Tennis Elbow and Golfer's Elbow (lateral and medial epicondylitis)

Epicondylitis is an irritation or inflammation of the tendons around the elbow joint. 

Tennis Elbow (lateral epicondylitis) is a painful condition on and around the bony prominence (epicondyle) on the outside (lateral side) of the elbow. Pain may radiate down the arm. Gripping or extending the wrist may intensify the pain. 

Golfer's Elbow (medial epicondylitis) is a similar condition, though the pain focus is the knobby bump on the inside of the elbow closest to the body (the medial side). 

Both tennis elbow and golfer's elbow typically result from repetitive arm movement and more often occur as a result of everyday activity rather than golfing or tennis playing. Over-using the muscles in the arm can lead to tiny tears (micro tears) in the tendons that attach the muscles in the forearms to the epicondyles. 

If the activity is continued without allowing the tears to heal, the tendons can become inflamed and very painful. 

While this condition can be caused by excessive use of the arm in long sessions practicing your golf swing or tennis stroke, it is more often the result of other everyday activities including painting, raking, pitching, rowing, hammering and using a screwdriver.

Symptoms of Lateral or Medial Epicondylitis:

  • Pain and discomfort when moving the elbow (and sometimes at rest) - to the outside of the elbow if tennis elbow and the inside of the elbow if golfer's elbow.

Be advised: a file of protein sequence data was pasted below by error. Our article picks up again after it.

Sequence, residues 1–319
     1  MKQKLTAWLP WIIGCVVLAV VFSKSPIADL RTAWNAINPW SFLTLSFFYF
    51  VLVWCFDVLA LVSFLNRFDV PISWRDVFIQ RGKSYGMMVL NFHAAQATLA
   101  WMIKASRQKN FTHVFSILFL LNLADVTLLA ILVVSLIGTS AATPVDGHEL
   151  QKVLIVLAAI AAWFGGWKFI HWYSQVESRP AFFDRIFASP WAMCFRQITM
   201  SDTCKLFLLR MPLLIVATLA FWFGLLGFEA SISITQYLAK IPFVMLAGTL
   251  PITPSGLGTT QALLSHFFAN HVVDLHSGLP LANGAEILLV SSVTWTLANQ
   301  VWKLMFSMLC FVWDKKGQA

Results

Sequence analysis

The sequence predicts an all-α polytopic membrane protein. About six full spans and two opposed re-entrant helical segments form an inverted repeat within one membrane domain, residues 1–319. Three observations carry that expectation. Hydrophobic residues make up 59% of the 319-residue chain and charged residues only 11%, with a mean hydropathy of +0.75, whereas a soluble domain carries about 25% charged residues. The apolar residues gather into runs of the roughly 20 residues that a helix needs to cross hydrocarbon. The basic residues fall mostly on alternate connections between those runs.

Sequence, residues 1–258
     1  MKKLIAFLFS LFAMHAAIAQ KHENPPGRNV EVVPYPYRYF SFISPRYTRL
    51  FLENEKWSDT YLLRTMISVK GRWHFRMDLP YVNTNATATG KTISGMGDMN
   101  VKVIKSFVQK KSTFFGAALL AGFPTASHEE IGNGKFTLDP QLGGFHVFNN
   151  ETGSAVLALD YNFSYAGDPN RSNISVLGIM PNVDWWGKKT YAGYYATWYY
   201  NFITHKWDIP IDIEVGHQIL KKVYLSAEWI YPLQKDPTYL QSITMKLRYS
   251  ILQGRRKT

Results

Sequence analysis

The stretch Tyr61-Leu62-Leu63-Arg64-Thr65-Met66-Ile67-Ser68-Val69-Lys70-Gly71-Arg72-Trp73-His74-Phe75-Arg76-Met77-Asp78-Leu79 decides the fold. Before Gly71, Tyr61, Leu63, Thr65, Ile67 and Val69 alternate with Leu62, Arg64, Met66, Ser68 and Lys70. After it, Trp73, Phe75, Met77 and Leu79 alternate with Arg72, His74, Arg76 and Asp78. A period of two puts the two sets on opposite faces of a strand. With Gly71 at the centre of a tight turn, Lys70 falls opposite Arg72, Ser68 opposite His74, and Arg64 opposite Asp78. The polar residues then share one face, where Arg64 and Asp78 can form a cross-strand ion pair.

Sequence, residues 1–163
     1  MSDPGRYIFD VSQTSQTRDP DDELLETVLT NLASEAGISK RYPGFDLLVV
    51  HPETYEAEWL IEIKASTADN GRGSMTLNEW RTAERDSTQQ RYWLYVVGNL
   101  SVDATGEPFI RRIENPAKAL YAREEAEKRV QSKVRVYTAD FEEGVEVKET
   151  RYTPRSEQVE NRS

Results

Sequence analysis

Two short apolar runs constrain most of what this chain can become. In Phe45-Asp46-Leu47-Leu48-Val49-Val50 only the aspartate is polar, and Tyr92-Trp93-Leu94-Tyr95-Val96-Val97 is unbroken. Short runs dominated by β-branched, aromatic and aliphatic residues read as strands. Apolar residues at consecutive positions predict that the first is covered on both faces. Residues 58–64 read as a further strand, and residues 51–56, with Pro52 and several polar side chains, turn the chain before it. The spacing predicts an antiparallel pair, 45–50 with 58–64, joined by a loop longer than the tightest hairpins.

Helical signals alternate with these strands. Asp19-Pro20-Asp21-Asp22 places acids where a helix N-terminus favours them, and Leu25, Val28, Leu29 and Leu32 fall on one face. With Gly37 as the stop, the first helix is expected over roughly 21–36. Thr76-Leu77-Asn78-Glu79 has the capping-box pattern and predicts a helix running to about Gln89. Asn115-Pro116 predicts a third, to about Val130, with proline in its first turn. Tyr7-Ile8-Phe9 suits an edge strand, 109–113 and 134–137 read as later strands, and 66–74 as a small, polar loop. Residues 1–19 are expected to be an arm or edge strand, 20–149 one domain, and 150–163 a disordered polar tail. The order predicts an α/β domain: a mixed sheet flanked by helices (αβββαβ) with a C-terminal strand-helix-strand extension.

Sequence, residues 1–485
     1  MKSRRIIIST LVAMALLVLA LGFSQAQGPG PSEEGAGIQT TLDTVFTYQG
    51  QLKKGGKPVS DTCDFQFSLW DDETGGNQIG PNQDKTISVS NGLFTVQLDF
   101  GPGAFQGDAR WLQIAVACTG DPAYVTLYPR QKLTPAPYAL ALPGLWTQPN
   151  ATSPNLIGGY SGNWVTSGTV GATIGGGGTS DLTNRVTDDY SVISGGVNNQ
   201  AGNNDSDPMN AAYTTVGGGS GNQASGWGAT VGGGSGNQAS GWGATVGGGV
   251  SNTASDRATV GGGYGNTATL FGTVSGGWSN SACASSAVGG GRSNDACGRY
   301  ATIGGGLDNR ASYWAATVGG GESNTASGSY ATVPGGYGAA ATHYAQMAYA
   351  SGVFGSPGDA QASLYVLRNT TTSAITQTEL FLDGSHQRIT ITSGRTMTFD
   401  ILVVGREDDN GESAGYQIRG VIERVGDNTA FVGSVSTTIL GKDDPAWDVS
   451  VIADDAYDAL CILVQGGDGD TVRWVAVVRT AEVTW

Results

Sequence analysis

• Pain radiating down the forearm and possibly weakness in the wrist.

Causes of Lateral or Medial Epicondylitis:

  • Overuse, repetitive activity engaging the elbow joint.
  • Lifting a heavy object

Diagnosis:

In order to diagnose epicondylitis, a thorough examination is performed, including X-rays and possibly an electromyogram (EMG) to test nerve and muscle function.

Treatment Options:

  • Rest, allowing the micro- tears to heal.
  • If sports-related, technique and equipment should be examined.
  • Breaks during work or play, avoiding activities or movements which cause pain (heavy lifting, pushing, or pulling should be limited).
  • Ice Pack to affected area (not directly on the skin) for approximately 20 minutes three times a day, to decrease inflammation and pain.
  • Anti-inflammatory medication, an oral medication to help relieve inflammation and pain.
  • Steroid injection, a locally acting injection to help decrease inflammation and pain.
  • Counterforce brace (elbow cuff) worn during the day to help support the inflamed tendon.
  • Cock-up wrist splint (wrist brace) worn during the night to help rest the tendon.
  • Physical Therapy (three times a week for approximately six weeks) initially to decrease pain and inflammation and maintain muscle strength, and ongoing to increase strength and endurance.

If symptoms persist despite conservative treatment, surgery may be recommended. 

Dr. Rosen now offers Platelet-Rich Plasma (PRP) injections for the treatment of medial and lateral epicondylitis. PRP stimulates a more rapid healing of tendon, ligament, muscle and bone. He is also among the hand specialists in Houston who offers the less invasive OssaTron ESW (extracorporeal shockwave) therapy to treat chronic tennis elbow.

 

© Copyright 2015 Dr. Allan Rosen MD